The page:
These are just some examples of what hospitality can look like.  It’s easy to say we are too busy.  But time can be made if we make the relationship rather than entertainment the priority.

I think the more insidious reason that hospitality doesn’t happen is to do with Shame. Or The Comparison Game
I don’t know about you, but I am ridiculously competitive.  I want to be the best at everything.  Without trying.  Without practicing. Without even having to learn how. Just by osmosis. Or genetics. Or something. 
But I can tell you right now. I am not the best at “keeping house”.  My house looks “lived in” (true there are 3 kids who live there with me)… well loved… messy?
My kitchen is always a couple of dishes away from being a disaster area.
The couch cushions are often seen doing duty as fort walls.
The washing is, as always, never ending and perpetually half done.

I have come to see the state of my home as a service to stressed out people everywhere.  The people (not just mums) who are trying to keep all the balls in the air- the kids, the husband, the career, the house, the admin, the life…  It is so easy to look at other people’s homes and think that they have it all worked out… their perfect kitchen without it’s piles of papers and bowl of death and 3 meals worth of washing up… their perfect lounge rooms without the pillow fort and crumbs everywhere (even though I vacuumed this morning I swear!!)… their kids that never fight and always do as they are told… every other family has magical unicorn kids when guests are over…only mine fight and scream and end up in time out…  

And on and on it goes.  We compare ourselves.  Our houses. Our kids.  Ad nauseum ad infinitum. It is so insidious. We don’t even realise we are doing it.  But it is a huge barrier to hospitality.  I can’t have them over…what about the state of my kitchen? I can’t have them over… they always have much better food than we do…  I can’t have them over… they will get bored of our kids vying for their attention…

I have come to believe that my home is not the physical building in which I live, but the people who live there and how those people show love to others.  If the messy state of my house or my need to keep it clean is stopping me from following Christ or showing hospitality to those who God puts in my way to encourage, then I need to revise my expectations either by cleaning up a bit, or being ok with a bit more clutter.  Am I so bothered by what people will think of the state of my house that I can’t have people over until everything is perfect? Or is it so messy that it makes me stressed?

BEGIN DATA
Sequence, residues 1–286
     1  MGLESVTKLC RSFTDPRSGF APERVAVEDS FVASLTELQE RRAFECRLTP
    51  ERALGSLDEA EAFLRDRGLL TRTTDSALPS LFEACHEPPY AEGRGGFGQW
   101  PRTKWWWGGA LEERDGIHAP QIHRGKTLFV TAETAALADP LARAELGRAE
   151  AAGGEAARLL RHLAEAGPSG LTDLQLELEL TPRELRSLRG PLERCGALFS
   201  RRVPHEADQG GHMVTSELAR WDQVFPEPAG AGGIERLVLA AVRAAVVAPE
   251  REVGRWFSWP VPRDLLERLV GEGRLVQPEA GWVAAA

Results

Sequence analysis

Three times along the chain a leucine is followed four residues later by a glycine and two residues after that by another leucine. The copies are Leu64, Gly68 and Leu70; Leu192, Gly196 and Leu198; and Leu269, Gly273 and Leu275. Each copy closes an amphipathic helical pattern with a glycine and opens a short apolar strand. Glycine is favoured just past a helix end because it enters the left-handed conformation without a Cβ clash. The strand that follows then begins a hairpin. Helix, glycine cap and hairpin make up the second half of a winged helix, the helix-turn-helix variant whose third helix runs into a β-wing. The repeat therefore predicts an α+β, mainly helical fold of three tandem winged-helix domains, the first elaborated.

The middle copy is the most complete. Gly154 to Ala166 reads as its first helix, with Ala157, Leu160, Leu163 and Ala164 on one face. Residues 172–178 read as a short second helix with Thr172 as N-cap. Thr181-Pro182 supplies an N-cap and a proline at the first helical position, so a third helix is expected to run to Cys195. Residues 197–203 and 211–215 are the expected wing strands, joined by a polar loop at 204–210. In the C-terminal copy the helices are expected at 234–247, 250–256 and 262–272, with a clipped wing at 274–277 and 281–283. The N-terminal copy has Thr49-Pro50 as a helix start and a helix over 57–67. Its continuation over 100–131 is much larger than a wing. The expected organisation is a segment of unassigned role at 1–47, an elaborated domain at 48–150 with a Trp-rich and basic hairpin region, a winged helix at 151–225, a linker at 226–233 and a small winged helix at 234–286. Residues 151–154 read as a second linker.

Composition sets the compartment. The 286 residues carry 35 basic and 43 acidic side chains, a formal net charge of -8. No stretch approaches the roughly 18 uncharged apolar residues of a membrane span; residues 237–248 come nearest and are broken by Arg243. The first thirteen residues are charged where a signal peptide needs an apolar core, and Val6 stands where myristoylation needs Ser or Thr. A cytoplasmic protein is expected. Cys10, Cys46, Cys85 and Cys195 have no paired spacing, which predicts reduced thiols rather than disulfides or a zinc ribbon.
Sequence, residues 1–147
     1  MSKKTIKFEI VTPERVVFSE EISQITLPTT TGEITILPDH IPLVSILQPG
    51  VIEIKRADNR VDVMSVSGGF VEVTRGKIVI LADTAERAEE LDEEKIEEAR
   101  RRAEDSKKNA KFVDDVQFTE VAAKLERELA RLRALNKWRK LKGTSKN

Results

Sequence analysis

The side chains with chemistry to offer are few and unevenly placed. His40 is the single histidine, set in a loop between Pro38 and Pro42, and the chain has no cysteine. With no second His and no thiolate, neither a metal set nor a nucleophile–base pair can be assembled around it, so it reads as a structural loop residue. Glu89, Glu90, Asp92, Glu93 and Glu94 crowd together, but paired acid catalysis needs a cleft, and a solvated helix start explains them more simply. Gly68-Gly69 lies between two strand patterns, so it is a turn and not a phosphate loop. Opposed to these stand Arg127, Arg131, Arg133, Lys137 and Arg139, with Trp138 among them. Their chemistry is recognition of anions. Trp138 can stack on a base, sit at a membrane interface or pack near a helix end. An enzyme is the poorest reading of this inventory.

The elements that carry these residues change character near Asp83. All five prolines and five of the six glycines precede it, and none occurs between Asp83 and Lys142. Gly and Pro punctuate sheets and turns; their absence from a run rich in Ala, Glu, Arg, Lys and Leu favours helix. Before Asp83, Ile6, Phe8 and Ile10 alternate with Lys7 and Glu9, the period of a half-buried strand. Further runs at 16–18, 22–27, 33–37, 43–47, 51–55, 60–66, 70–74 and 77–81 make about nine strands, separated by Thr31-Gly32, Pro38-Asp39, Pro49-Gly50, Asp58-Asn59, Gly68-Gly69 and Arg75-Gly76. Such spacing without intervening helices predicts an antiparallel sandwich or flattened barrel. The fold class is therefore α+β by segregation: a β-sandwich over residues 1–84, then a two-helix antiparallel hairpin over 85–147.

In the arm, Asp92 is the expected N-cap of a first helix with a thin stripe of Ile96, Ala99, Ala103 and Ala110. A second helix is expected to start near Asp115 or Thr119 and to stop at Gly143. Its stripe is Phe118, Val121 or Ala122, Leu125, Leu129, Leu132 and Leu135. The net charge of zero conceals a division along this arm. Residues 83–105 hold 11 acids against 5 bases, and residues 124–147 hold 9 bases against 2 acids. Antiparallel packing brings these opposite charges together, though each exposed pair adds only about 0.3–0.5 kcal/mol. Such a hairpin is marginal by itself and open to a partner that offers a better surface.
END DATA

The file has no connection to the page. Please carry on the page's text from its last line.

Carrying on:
In the end, hospitality is about relationships.  It’s about your relationship with the guest and their relationship with God (explicitly or implicitly). It is not about what you do together but how it makes them feel.  Do they feel loved? Do they feel truly cared for? Do they feel like your place (whether your house, a park or a café or even an online private chat conversation) is a safe place to be vulnerable and share the really hard parts of life? Did you share the love of God with them? Were you vulnerable with them? 
Do you remember my friends who used to come over at all hours of the night? Well it came out recently that my friend was then suffering from depression and that when she was feeling low her husband would suggest the walk to our place for a cuppa “because you are always happier there”… I never knew she was depressed… we used to go to their place too… all the time… I would hang out with her all the time when I was looking for my first teaching jobs after uni. We would go to the gym together and walk for endless kilometres round the north shore.  When they went off to College we kept making the trek to see them and they wold keep hanging out with us, praying with us and for us, and encouraging us in our Christian lives, and ultimately into ministry.  When she had her kids and we moved out to Parramatta and then to Appin, I would set aside a day a week and head in to visit her, hang out, drink to, go on their grocery shop, and bring Bede to their church playgroup.  Even on her busiest days she had time for me, and even when my life was hectic with teaching and then kids, I made time for her.  Our relationship is one of the main cornerstones of my adult life, given to us by God to encourage us in good times and bad times. 
I tell this story because I hope it is instructive in demonstrating how hospitality can be done well; our lives may have been busy, but we always had time for each other because it was the relationship that mattered; and there was never any judgement of housekeeping or kids behaviour on either side because we respected each other’s parenting and housekeeping standards (which of course have shifted over time with kids). 
It was practical grace.
Sacrificial love.
Those experiences so early in my marriage have shown me the true importance of hospitality to our relationships with God and with each other and inform how I perform hospitality now.  Serving God and loving his people.